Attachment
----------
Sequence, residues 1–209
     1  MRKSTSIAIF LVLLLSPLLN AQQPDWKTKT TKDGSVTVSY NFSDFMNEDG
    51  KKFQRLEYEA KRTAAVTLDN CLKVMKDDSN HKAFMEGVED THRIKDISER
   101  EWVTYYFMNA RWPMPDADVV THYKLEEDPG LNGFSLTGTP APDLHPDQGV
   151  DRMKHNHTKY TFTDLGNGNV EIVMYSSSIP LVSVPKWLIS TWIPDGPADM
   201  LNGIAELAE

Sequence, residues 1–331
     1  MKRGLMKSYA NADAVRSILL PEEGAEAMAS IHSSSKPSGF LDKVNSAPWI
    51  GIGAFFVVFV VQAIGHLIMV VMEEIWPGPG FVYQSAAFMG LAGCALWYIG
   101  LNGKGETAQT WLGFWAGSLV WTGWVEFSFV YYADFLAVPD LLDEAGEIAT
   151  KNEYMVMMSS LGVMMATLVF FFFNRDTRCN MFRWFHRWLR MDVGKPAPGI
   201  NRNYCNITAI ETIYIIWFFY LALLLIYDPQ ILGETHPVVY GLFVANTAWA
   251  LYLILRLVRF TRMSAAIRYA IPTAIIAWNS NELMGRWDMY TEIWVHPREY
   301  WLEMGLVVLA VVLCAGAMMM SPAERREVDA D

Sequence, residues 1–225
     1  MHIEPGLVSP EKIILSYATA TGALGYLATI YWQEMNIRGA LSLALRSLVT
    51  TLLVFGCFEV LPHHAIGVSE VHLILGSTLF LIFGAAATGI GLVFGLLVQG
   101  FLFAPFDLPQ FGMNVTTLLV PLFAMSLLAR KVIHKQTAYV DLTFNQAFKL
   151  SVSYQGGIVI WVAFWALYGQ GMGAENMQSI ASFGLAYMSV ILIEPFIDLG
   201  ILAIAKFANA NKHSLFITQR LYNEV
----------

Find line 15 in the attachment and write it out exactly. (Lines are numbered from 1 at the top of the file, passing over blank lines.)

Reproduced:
Sequence, residues 1–225